Dell adds petabytes with update of PowerVault arrays

Dell has refreshed its PowerVault arrays, increasing power, connectivity, and capacity.

We’re told the ME5s offer twice the performance, throughput, capacity, and memory of its PowerVault ME4 predecessor. That’s not quite true on the capacity front, as we shall see.

PowerVault group

The ME4012 (2RU x 12-slot), ME4024 (2RU x 24-slot), and ME4084 (5RU x 84 slot) make way for the ME5012, ME5024, and ME84 with the same chassis but Broadwell DE-based controllers inside them are replaced by newer Xeon CPUs. The ME5012 and ME5024 can have a single or dual controller setup, with the ME5084 restricted to a dual controller configuration.

The ME4s supported SSDs and three kinds of disk drive at 15,000, 10,000, and 7,200rpm. The 15,000rpm option is no more but the other drive categories remain. However, only the entry-level ME5012 supports 3.5-inch disk drives in its base chassis; the others only have 2.5-inch base chassis bays, which restricts supported disk drive capacity levels.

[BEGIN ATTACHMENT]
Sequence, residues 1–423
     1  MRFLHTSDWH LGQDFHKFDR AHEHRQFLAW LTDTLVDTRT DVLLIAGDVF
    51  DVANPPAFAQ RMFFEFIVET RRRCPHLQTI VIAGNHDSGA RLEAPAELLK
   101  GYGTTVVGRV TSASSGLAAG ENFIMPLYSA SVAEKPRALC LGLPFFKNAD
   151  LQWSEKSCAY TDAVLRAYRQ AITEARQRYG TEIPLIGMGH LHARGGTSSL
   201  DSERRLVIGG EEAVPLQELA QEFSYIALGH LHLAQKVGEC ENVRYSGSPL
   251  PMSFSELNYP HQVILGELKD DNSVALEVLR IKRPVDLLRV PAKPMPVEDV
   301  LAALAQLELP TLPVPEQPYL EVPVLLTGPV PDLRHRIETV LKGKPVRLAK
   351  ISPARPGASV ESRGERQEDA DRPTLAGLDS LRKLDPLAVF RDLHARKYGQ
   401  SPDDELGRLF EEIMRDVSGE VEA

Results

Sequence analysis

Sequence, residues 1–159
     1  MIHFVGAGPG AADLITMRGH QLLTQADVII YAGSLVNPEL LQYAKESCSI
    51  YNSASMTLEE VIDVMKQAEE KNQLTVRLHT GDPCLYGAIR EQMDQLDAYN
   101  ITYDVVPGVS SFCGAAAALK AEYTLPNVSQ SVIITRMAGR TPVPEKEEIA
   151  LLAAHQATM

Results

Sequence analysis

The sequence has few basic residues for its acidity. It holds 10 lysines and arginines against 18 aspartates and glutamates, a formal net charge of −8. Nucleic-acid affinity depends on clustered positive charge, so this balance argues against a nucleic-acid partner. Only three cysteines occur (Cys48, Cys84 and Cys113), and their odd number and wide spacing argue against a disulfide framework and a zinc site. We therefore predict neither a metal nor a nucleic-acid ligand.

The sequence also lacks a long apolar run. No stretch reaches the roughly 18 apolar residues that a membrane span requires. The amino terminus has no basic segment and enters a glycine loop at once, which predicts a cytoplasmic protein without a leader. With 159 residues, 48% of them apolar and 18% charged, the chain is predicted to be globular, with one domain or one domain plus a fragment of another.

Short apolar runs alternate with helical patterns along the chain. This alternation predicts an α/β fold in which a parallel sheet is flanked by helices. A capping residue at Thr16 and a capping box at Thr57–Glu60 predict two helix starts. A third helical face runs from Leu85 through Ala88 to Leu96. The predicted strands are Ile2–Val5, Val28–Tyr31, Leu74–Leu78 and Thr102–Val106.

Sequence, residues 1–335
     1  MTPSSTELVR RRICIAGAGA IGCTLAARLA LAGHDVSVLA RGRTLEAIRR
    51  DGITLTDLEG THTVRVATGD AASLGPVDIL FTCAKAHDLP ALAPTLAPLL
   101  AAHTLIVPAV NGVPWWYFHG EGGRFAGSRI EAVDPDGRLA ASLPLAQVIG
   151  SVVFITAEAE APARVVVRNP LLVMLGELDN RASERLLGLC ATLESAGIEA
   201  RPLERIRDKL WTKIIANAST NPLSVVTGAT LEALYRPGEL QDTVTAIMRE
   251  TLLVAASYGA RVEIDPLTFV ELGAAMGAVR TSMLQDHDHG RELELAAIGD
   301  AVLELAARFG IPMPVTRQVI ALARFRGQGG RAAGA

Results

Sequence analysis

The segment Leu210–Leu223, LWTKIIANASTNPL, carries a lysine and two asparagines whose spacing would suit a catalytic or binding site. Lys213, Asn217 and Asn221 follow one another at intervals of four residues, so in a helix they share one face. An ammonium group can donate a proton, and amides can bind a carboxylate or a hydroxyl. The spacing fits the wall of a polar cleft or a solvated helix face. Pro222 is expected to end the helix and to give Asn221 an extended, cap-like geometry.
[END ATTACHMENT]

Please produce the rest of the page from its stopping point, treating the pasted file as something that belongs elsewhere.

There can be between 2 and 64 drives for the ME5012, 2 and 76 for the ME5025, and 28 and 336 for the ME5084. They can all have expansion trays, which support 18TB 3.5-inch drives.

Capacities, using expansion trays, have increased nicely:

  • 3.1PB ME4012 —> 4.7PB ME5012 and a 51.6 per cent increase
  • 3.0PB ME4024 —> 4.7PB ME5024 and a 56.7 per cent rise
  • 4.0PB ME4084 —> 6.0PB ME5084 and a 50 per cent uplift

The newer systems still support 12Gbit/s interconnects but 16Gbit/s Fibre Channel is now 32Gbit/s FC (auto-negotiating down to 16Gbit/s) and the ME4’s 10Gbit/s iSCSI is now 10 or 25Gbit/s iSCSI.

The ME5s are managed through PowerVault Manager with an HTML5 GUI featuring intuitive user navigation and support for scripting with either Redfish/Swordfish REST or CLI APIs. They are also supported within Dell’s Open Management Enterprise (OME) framework, which includes Dell networks, servers, and other infrastructure in a data centre. 

Customers with ProSupport Services for PowerVault ME5 can access CloudIQ, Dell’s cloud-based AIOPs service that uses telemetry, machine learning, and other algorithms to provide users with notifications and predictive analytics, remediation advice, anomalies, capacity projections, reclaimable storage, and more.

Dell says it sold 53,000 ME4 PowerVaults so the ME5s have something to live up to. Entry-level configurations start at $12,000. More details here.